Can plastic solar cells deliver?

The promise of polymer solar cells is that they will be cheap enough and produced on a large enough scale to transform our energy economy, unlocking the sun’s potential to meet all our energy needs in a sustainable way. But there’s a long way to go from a device in a laboratory, or even a company’s demonstrator product, to an economically viable product that can be made at scale. How big is that gap, are there insuperable obstacles standing in the way, and if not, how long might it take us to get there? Some answers to these questions are now beginning to emerge, and I’m cautiously optimistic. Although most attention is focused on efficiency, the biggest outstanding technical issue is to prolong the lifetime of the solar cells. But before plastic solar cells can be introduced on a mass scale, it’s going to be necessary to find a substitute for indium tin oxide as a transparent electrode. But if we can do this, the way is open for a real transformation of our energy system.

The obstacles are both technical and economic – but of course it doesn’t make sense to consider these separately, since it is technical improvements that will make the economics look better. A recent study starts to break down the likely costs and identify where we need to find improvements. The paper – Economic assessment of solar electricity production from organic-based photovoltaic modules in a domestic environment, by Brian Azzopardi, from Manchester University, with coworkers from Imperial College, Cartagena, and Riso (Energy and Environmental Science 4 p3741, 2011) – breaks down an estimate of the cost of power generated by a polymer photovoltaic fabricated on a plastic substrate by a manufacturing process already at the prototype stage. This process uses the most common combination of materials – the polymer P3HT together with the fullerene derivative PCBM. The so-called “levelised power cost” – i.e. the cost per unit of electricity, including all capital costs, averaged over the lifetime of the plant, comes in between €0.19 and €0.50 per kWh for 7% efficient solar cells with a lifetime of 5 years, assuming southern European sunshine. This is, of course, too expensive both compared to alternatives like fossil fuel or nuclear energy, and to conventional solar cells, though the gap with conventional solar isn’t massive. But the technology is still immature, so what improvements in performance and reductions in cost is it reasonable to expect?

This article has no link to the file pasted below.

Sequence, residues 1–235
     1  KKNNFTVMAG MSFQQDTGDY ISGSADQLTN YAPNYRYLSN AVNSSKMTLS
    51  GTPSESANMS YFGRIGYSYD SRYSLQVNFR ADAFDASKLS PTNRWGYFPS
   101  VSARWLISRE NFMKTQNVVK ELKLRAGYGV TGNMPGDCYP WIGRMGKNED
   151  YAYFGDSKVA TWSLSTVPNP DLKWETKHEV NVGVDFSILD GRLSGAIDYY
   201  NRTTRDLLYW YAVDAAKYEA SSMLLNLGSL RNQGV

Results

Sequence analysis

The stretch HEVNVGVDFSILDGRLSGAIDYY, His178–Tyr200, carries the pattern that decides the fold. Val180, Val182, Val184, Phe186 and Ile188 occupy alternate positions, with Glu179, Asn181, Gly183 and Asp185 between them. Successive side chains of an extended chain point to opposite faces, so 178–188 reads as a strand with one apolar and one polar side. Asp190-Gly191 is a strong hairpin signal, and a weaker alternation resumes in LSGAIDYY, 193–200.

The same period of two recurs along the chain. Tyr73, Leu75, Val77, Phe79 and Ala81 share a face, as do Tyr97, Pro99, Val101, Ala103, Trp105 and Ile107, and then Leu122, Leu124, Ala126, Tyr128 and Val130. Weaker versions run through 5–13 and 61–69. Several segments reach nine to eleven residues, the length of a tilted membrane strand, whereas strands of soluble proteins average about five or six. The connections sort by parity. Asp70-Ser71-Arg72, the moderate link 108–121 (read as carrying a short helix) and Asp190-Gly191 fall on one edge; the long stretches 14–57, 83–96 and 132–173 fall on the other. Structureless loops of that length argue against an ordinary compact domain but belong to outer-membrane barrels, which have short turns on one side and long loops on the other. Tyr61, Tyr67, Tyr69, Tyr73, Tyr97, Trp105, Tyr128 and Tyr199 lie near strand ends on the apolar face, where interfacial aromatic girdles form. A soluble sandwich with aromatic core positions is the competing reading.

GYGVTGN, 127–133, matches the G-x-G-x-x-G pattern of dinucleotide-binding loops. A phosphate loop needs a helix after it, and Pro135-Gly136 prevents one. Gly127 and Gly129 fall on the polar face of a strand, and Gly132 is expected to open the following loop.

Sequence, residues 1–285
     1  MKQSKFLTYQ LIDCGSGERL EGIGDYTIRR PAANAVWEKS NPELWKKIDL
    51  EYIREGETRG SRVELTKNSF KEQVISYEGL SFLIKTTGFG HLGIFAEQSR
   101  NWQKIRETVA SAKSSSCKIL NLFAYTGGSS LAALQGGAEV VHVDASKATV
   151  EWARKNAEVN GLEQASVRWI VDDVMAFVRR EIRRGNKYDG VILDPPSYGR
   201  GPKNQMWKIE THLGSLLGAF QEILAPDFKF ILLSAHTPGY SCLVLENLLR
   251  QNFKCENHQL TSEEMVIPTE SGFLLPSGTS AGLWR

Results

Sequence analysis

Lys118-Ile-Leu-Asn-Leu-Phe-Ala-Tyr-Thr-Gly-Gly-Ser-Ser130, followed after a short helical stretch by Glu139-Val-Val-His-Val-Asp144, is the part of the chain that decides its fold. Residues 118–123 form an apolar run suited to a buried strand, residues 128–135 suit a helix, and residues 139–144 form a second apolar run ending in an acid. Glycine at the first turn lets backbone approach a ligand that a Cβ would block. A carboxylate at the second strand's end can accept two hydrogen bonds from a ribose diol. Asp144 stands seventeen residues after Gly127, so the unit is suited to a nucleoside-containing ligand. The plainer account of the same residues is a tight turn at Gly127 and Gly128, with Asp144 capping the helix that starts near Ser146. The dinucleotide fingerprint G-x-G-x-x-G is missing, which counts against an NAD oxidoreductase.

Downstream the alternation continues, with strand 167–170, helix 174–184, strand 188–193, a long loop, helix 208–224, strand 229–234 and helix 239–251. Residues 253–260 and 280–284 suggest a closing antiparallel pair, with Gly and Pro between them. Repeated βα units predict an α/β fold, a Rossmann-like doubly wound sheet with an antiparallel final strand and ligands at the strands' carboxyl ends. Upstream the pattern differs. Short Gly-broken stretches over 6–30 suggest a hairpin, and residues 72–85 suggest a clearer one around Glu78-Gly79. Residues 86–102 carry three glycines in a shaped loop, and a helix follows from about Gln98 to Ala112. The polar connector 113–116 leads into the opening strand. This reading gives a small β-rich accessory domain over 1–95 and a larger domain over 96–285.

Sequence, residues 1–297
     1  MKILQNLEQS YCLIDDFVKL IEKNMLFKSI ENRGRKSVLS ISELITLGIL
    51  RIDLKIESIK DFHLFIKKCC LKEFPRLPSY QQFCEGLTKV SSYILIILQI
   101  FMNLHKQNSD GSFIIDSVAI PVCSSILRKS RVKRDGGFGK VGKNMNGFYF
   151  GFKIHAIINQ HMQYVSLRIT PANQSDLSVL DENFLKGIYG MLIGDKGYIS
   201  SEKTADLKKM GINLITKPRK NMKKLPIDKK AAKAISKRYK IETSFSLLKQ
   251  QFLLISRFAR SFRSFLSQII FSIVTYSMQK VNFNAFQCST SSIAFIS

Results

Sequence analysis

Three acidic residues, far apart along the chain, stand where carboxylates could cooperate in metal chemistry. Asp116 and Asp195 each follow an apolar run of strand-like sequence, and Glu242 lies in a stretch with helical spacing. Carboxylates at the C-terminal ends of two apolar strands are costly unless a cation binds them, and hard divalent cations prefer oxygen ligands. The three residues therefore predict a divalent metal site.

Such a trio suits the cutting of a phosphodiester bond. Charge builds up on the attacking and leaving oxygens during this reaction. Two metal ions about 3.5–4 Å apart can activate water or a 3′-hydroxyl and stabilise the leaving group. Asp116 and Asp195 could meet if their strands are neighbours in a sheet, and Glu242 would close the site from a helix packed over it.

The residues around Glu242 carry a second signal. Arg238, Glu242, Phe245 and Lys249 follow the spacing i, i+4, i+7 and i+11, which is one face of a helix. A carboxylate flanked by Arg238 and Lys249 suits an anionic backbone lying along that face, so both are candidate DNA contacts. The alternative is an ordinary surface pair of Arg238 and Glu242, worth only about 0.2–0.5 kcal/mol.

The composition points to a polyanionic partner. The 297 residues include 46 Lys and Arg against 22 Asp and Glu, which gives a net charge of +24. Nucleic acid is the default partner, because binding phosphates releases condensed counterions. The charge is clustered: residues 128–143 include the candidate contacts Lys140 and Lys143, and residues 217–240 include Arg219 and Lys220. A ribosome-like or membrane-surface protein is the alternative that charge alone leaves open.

The two key technical parameters are efficiency and lifetime. Most research effort so far has concentrated on improving efficiencies – values greater than 4% are now routine for the P3HT/PCBM system; a newer system, involving a different fullerene derivative, PC70BM blended with the polymer PCDTBT (I find even the acronym difficult to remember, but for the record the full name is poly[9’-hepta-decanyl-2,7- carbazole-alt-5,5-(4’,7’-di-2-thienyl-2’,1’,3’-benzothiadiazole)]), achieves efficiencies greater than 6%. These values will improve, through further tweaking of the materials and processes. Azzopardi’s analysis suggests that efficiencies in the range 7-10% may already be looking viable… as long as the cells last long enough. This is potentially a problem – it’s been understood for a while that the lifetime of polymer solar cells may well prove to be their undoing. The active materials in polymer solar cells – conjugated polymer semiconductors – are essentially overgrown dyes, and we all know that dyes tend to bleach in the sun. Five years seems to be a minimum lifetime to make this a viable technology, but up to now many laboratory devices have struggled to last more than a few days. Another recent paper, however, gives grounds for more optimism. This paper – High Efficiency Polymer Solar Cells with Long Operating Lifetimes, Advanced Energy Materials 1 p491, 2011), from the Stanford group of Michael McGehee – demonstrates a PCDTBT/PC70BM solar cell with a lifetime of nearly seven years. This doesn’t mean all our problems are solved, though – this device was encapsulated in glass, rather than printed on a flexible plastic sheet. Glass is much better than plastics at keeping harmful oxygen away from the active materials; to reproduce this lifetime in an all-plastic device will need more work to improve the oxygen barrier properties of the module.